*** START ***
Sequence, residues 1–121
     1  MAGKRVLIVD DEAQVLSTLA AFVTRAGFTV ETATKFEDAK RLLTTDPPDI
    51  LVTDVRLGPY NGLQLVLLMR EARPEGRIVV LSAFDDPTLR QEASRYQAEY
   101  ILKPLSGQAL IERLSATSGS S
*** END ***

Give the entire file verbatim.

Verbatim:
Sequence, residues 1–121
     1  MAGKRVLIVD DEAQVLSTLA AFVTRAGFTV ETATKFEDAK RLLTTDPPDI
    51  LVTDVRLGPY NGLQLVLLMR EARPEGRIVV LSAFDDPTLR QEASRYQAEY
   101  ILKPLSGQAL IERLSATSGS S